Two main response variables are of interest: Tinf, the accumulated infected nodes × month, and Nrec, the accumulated number of recovered nodes. These two variables directly affect the number of losses. For example, Tinf may lead to losses due to the shutdown of services, and Nrec is directly associated with repair and replacement costs, which, however, are not generally significant costs in a cyber insurance claim.
Based on the ranges of the predictive variables, we used some strictly increasing transformations, such as the logit and natural logarithm (ln) functions, to make the ranges of the variables be (−∞, ∞) in order to have relatively stable numerical performance when regression analyses were conducted with computer software. Refer to tables 2 and 4 for details on how such transformations were employed and for their corresponding estimates.
3.3. Effects on the accumulated infected nodes and time
For the response variable Tinf, we tried several different models, such as linear models and generalized linear models based on the gamma distribution and the inverse Gaussian distribution. After trying the BoxCox transformation with the help of the R function boxcox(), we found that the optimal value of λ of the BoxCox transformation was −0.02 for the data. Since this value was very close to zero, we could simply transform the response variable by the natural logarithm. Afterward, a multiple linear regression could be used to assess the effects of the predictive variables. The following linear regression model was chosen to assess the effects of the predictive variables:
\[\begin{align} \ln ( \text{Tinf} ) \sim &\ \text{logit(par_cop)} + \ln ( \text{mean_rec} ) + \ln ( \text{mean_inf} ) \\ &+ \ln ( \text{var_rec} ) + \ln ( \text{var_inf} ) + \ln ( \text{Nnode} ) \\ &+ \ln ( \text{Nedge} ) + \text{logit(Gam2)} + \text{Ninf0} \end{align}\]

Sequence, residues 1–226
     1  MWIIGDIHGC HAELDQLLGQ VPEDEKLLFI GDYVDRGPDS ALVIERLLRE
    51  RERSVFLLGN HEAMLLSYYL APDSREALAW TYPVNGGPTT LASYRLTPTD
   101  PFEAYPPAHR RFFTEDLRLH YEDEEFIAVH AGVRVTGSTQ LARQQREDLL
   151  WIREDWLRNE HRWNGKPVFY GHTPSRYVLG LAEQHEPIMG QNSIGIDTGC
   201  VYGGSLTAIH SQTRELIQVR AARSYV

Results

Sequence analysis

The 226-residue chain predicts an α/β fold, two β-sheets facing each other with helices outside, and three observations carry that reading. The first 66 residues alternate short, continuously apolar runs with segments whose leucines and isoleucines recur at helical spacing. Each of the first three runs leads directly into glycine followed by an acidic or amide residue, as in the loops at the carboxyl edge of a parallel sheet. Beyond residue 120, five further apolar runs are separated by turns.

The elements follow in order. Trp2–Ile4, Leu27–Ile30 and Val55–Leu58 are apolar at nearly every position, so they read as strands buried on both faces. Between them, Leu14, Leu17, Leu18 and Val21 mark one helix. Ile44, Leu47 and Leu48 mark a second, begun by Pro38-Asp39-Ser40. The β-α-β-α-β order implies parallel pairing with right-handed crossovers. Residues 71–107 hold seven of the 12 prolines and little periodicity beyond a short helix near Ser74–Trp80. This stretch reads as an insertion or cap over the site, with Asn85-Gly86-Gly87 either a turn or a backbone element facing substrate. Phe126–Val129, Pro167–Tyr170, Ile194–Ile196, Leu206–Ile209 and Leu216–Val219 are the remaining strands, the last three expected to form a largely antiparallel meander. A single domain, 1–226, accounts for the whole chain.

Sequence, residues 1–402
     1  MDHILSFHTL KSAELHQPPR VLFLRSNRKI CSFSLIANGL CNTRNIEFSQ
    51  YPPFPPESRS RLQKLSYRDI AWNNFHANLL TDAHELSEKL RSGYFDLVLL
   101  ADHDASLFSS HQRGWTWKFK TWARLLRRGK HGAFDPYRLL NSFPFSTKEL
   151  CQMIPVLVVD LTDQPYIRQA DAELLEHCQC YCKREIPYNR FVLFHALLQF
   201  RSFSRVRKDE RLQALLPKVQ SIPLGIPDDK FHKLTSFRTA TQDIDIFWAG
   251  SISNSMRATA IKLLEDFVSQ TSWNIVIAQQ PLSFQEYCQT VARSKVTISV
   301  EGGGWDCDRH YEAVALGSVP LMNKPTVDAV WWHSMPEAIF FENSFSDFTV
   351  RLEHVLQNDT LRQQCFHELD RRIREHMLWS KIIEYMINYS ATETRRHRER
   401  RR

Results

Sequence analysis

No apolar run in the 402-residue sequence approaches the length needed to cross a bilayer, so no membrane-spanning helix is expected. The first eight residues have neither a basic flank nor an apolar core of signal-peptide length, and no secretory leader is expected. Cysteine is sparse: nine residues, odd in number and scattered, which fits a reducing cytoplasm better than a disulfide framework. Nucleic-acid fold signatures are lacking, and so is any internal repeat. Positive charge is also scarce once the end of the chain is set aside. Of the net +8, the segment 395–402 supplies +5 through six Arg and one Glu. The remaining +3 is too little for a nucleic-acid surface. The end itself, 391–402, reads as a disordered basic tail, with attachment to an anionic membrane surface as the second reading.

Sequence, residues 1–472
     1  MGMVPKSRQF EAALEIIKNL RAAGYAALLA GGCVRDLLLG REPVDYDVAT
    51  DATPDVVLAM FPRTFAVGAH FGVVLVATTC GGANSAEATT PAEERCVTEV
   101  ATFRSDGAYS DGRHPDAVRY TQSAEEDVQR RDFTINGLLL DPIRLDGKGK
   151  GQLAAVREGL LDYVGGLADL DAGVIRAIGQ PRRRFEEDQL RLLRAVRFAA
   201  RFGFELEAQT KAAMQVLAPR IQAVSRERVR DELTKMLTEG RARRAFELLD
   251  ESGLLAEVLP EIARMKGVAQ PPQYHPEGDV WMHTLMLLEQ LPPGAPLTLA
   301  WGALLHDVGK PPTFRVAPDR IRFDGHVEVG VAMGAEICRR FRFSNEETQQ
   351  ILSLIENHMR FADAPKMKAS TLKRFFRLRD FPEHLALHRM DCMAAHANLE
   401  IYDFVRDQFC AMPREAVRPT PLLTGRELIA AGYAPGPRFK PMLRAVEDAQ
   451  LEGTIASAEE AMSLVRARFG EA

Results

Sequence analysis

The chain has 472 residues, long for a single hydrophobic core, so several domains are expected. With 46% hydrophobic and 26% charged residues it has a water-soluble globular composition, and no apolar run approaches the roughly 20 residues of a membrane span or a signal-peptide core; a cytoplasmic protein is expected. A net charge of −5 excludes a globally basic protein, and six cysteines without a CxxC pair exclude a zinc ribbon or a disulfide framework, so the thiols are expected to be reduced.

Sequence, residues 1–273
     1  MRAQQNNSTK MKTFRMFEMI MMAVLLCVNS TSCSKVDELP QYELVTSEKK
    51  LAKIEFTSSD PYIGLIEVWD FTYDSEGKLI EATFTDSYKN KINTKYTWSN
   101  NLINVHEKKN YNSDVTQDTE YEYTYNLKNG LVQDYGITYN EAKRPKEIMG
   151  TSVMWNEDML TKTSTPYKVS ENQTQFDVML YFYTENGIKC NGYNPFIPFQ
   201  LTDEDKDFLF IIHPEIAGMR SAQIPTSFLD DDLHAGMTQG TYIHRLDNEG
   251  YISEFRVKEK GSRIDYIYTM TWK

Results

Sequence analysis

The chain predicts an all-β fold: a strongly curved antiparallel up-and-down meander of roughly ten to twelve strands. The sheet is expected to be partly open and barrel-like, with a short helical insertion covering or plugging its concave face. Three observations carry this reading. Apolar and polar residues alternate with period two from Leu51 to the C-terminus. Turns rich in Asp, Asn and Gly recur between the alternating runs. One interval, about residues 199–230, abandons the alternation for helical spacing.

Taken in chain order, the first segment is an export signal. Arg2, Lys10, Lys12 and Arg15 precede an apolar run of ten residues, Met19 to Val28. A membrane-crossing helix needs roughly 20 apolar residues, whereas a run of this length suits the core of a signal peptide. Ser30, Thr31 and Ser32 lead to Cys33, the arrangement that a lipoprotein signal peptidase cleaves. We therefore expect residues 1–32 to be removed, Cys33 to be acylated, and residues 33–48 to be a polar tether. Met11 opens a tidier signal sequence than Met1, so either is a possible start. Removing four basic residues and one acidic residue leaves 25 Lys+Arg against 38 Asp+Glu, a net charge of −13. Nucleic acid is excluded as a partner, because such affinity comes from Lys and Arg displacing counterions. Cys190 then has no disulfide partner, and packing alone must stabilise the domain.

Tables 2 and 3 show the corresponding estimates and the analysis of variance (ANOVA) table, respectively. There are several interesting findings suggested by the analysis. First, from Table 3, we found that average recovery time and infection time contributed most to the variability of the accumulated infected nodes × month, and the initial number of infected nodes played a relatively important role. However, after controlling for the other variables, the number of nodes and the number of edges in the network did not affect the response variable as much as the aforementioned leading factors. This suggests that assumptions about average recovery and infection time are the most critical, while assumptions about network features, such as number of nodes, number of edges, and the γ parameter, are relatively less important. Second, we found that the dependence parameter did play a role here, although it was not very important. Under such a simulation setting, a more mutually dependent network tended to lead to a relatively smaller Tinf (see Table 2). A reasonable interpretation is related to equation (5), where relatively stronger uppertail dependence might lead to a larger value of \(\Phi (\tau  \left\{ t_{j_{s}},r_{j} \right\}\)), thus a larger probability that no infection would occur in the next time period of τ. However, in general there were no deterministic results about the direction of the effect from dependence. Third, the directions of the effects from the significant predictive variables were consistent with our intuition based on Table 2. For example, a larger time to recovery and a smaller time to infection tended to increase Tinf, and a larger number of initially infected nodes tended to increase Tinf as well. Fourth, as we already observed from Section 3, the γ parameter for the scalefree network was not significant at all after controlling all the other variables, which removes concern about any influence from the index of scalefree networks.